Translation of Cistercian in Spanish:

Cistercian

cisterciense, n.

Pronunciation /sɪˈstərʃ(ə)n//sɪˈstəːʃ(ə)n/

noun

  • 1

    cisterciense masculine

adjective

  • 1

    (monk/abbey) cisterciense
    the Cistercian order el Císter
    • She divides her selections into twelve brief chapters beginning with considerations of Cistercian anthropology and ending with the ‘perfection of love.’
    • People are invited to a monastic weekend at St. Joseph's Abbey, Roscrea to experience at first hand what Cistercian life is like.
    • Visitors will be able to explore its three floors and discover how Cistercian monks from the Abbey used the mill for flour from the mid 12 th century with life-size reconstructed mill machinery.
    • It is not, however, merely a coffee-table book full of breathtaking photographs, but a comprehensive guide to every aspect of the early development of Cistercian life.
    • The networks spanned all types of religious organizations, from cloistered Cistercian nuns, to Dominican nurses and teachers, and finally the beguines, religious women living outside of orders.
    • They are the most complete remains of a Cistercian abbey in Britain.
    • He goes on to offer selected passages from Cistercian writings for reflection.
    • The galleries are reminiscent of Cistercian vaults in their awesome simplicity.
    • Through painstaking fieldwork the authors also discovered a ‘softer’ side to the normally austere Cistercian brotherhood, who had the Abbey's refectory walls painted a soothing pink colour.
    • By the end of our period there were about thirty-five Cistercian abbeys in Ireland, eleven in both Wales and Scotland, and about sixty in England, including Savigniac houses, which the larger order absorbed in 1148.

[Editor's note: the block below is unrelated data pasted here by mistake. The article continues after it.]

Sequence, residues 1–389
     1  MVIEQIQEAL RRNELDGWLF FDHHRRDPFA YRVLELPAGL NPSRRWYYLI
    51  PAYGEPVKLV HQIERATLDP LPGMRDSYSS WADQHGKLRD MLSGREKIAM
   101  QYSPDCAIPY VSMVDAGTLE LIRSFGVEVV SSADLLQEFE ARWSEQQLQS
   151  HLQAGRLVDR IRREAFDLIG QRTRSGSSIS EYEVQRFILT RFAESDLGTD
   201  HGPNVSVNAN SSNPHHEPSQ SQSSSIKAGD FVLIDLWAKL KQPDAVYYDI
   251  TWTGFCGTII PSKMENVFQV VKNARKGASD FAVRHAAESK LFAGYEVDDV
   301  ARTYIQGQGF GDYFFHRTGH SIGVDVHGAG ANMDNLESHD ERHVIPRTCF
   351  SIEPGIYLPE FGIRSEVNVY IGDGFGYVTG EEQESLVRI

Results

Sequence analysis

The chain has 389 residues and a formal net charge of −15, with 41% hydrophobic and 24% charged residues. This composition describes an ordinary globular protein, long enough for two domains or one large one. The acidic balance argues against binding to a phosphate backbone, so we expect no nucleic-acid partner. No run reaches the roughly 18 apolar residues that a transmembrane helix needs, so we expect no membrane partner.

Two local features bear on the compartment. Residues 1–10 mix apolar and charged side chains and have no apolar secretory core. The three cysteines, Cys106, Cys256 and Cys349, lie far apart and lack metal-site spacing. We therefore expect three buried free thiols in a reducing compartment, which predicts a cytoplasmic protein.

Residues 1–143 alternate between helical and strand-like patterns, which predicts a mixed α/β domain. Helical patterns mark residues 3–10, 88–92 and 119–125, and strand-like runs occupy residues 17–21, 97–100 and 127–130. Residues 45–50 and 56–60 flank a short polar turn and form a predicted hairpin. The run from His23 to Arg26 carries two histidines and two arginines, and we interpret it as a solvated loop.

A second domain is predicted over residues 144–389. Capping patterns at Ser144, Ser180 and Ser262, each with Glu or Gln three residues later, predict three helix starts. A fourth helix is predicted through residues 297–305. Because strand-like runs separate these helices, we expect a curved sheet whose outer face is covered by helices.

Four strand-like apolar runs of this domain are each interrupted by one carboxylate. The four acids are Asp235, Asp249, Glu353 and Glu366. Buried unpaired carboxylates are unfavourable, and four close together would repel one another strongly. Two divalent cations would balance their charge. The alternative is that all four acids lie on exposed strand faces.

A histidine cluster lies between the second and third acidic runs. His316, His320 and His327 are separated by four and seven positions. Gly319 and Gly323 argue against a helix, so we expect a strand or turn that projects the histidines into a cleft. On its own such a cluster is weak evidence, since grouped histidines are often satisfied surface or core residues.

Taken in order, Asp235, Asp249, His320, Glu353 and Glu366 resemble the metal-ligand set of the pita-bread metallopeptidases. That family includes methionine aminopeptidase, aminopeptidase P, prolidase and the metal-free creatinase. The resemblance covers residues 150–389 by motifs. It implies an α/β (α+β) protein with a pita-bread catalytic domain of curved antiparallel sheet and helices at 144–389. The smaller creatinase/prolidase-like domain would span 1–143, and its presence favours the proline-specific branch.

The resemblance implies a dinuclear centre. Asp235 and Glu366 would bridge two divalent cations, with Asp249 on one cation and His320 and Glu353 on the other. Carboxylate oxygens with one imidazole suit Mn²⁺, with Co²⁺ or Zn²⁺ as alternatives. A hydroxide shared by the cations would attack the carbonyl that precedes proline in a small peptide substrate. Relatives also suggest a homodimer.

• One of the primary causes of the great revival of European commerce in the twelfth century was the rise of Cistercian monasteries.
    • This ancient Cistercian building, one of three in the Galloway area, was founded in 1273.
    • It is thought that she died at Carraigahowley Castle about 1603 and is buried in the ruins of the Cistercian abbey on Clare Island.
    • This building was originally the gatehouse for Kirkstall Abbey, an important Cistercian monastery.
    • The fabric and landscape of the 12 th century abbey, one of the best examples of early Cistercian architecture, is being restored thanks to a grant of more than £3m from Heritage Lottery Fund money.
    • But far from consolidating the structure of the 13 th century Cistercian masterpiece, it hastened the deterioration of the stonework.
    • In accordance with Cistercian principles, the spaces of the new abbey are arranged around a cloister with a church as the focal point and heart of the project.
    • A more inventive response to illustrating a text is found in the historiated initials of an early twelfth-century Cistercian manuscript of Pope Gregory the Great's Moralia in Job, already discussed above.
    • That a Benedictine, even a cloistered one, would pen a story about Cistercian life seems inherently risky.
    • In taking up the Cistercian rule Merton assumes a way of life that, without equivocation, stands over against that of his former world.